16th – 17th August 2017: The journey to Kazakhstan (Loo Jun Wen)
Finally, the day of departure has come! While riding in my parents’ car on the way to airport, I was excited but also a bit fearful for the uncertainty of our journey there as we had to transit in Bangkok and Tashkent in Uzbekistan. Both cities were places I have never been to, so that unfamiliarity is slightly intimidating but mostly exciting!
We took the 1530hrs flight to Bangkok and after having a meal there, we departed an Uzbekistan airline towards Tashkent. Along the way, many of us were fantasizing if we could have exited the airport in Uzbekistan and explore the town as we knew that the need for a visa to enter the country already diminished that probability. But we still hold on to that faith. At least I am sure Wesley did!
Upon reaching Tashkent, we descended the mobile stairs which led out of our plane. As I whipped out my phone to take a video of this ‘never-seen-before’ and exotic place in Uzbekistan, I was summoned over by an Uzbek soldier, ordering me to delete the footages which I have taken. I was rather shocked at that level of control which quickly formed my very first impression of Uzbekistan. A strict nation indeed. Without being too rebellious, I deleted them but I know iPhones are smart enough to revive deleted media, so I was not very much affected.
As we entered the airport, we had to surrender our passports in exchange for a handwritten boarding pass while the officer simply told us to wait for our next flight (9 hours later) and our passport will be returned to us. I am puzzled and powerless, we simply adhered and laze around the waiting area, watching people, shopping from a small duty free and just lying on the ground. It was around 2am, so understand everyone was tired and we all slept simultaneously.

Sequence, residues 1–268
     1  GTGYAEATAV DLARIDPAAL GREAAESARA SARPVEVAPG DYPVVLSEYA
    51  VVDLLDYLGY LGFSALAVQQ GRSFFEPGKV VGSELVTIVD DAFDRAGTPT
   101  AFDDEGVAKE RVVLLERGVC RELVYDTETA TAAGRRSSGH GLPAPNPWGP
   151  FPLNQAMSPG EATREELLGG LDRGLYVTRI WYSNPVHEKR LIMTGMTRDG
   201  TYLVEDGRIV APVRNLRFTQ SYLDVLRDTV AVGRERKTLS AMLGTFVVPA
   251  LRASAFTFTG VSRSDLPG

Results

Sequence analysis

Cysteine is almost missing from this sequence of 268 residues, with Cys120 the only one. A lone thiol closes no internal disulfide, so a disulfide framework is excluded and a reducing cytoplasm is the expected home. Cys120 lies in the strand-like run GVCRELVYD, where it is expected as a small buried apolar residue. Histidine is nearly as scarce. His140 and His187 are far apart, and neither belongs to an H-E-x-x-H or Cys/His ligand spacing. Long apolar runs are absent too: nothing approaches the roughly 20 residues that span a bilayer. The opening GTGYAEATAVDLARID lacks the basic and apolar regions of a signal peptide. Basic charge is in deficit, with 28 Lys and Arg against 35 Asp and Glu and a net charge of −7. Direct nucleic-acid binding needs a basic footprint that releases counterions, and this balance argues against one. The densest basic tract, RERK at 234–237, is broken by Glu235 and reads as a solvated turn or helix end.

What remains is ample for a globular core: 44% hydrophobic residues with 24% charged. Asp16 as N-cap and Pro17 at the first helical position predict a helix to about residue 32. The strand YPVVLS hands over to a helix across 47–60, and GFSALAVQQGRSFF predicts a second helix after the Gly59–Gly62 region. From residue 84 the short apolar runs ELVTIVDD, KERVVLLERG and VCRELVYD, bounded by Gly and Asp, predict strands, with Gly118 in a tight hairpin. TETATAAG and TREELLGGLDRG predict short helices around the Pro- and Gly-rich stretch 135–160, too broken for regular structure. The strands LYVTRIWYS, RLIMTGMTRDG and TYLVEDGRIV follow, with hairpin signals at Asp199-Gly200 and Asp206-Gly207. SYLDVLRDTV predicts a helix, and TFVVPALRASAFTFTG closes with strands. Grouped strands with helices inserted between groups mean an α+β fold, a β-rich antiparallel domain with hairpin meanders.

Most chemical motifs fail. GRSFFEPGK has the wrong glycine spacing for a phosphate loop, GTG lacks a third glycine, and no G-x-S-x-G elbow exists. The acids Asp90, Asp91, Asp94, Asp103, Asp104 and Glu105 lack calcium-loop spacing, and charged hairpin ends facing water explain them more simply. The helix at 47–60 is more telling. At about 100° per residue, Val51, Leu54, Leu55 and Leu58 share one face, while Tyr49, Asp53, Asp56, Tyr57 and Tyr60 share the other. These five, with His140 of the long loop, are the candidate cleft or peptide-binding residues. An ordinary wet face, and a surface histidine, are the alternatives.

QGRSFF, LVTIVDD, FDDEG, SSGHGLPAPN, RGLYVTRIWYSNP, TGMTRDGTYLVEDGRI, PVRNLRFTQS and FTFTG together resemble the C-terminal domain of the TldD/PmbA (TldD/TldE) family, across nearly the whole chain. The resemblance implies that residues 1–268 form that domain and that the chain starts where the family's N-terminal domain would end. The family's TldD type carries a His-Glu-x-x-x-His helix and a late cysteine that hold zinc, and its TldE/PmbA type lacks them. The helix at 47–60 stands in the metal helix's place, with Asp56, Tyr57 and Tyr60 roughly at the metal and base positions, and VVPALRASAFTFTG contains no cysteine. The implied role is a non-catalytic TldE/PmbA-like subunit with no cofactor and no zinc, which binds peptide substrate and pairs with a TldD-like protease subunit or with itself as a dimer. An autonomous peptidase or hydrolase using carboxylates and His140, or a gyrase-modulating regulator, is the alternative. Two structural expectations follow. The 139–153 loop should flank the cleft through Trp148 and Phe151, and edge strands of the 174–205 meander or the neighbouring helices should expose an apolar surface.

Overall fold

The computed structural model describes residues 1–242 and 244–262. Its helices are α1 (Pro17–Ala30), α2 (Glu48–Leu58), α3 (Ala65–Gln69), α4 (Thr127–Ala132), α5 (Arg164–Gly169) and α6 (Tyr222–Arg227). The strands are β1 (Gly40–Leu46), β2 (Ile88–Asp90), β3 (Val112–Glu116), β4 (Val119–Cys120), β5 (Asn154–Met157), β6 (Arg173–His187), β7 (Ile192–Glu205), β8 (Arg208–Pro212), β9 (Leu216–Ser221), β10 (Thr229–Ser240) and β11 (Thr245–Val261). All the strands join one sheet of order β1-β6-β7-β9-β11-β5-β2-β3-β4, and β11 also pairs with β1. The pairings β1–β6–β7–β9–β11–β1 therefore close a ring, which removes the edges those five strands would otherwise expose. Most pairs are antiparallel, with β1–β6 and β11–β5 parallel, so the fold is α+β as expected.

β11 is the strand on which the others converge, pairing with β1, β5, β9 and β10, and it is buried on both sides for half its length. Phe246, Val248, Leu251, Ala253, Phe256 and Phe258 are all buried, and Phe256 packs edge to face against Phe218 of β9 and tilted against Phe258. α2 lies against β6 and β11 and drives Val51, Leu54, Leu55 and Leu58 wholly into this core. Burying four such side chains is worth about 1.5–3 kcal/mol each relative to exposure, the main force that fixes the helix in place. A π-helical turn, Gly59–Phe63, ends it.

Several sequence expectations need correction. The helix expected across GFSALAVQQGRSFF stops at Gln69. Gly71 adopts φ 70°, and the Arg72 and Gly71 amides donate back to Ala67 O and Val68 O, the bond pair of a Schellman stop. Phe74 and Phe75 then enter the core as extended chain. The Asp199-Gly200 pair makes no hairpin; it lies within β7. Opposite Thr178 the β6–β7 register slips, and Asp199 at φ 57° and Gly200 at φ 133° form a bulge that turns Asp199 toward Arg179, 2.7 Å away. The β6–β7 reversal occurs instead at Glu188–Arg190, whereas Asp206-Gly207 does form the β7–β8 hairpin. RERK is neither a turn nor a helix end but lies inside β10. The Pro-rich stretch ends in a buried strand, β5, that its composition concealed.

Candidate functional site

I stayed up and observe the people around and realised it was difficult to pinpoint their nationality as they had mixed features of Russian/ European and Chinese, some more than the other. Speaking in unfamiliar language (Russian), me and Wesley were struggling as we spoke to an Uzbek lady travelling to Beijing with her family.
Ver soon, we were the only few passengers remaining in the airport as the hour dragged on, night become day and hunger become real. As arduous as it was, the wait was finally over as our passport were handed back to us personally and we departed towards Kazakhstan in Air Astana, which have the best economy seats so far, albeit the lack of inflight entertainment.
Finally, we landed in Kazakhstan and was picked up a very Russian-looking man to our hotel where we were greeted by Edwin and Kim Boon, familiar faces once again!
Looking back, I think the team did well in keeping together and not walking off by themselves. This is especially important as we are in a foreign place and as expedition leader, it will be difficult to account for everyone if each had their own separate agenda.
If there is one thing which I feel can improve on is my decisiveness and communication skills. Sometimes given unfamiliar circumstances, it was difficult to determine the right course of action. So, times like these here, I would seek consensus and discuss the next course of action with the rest, to arrive at a decision together. Communication wise, I feel that there are many things which I wanted to say, but did not surface upon delivering the speech. Hence, after trying to jot down my train of thoughts in my notes (on the phone), it helped me better remember the things I wanted to touch on, making the speech less impromptu and less chance to go wrong.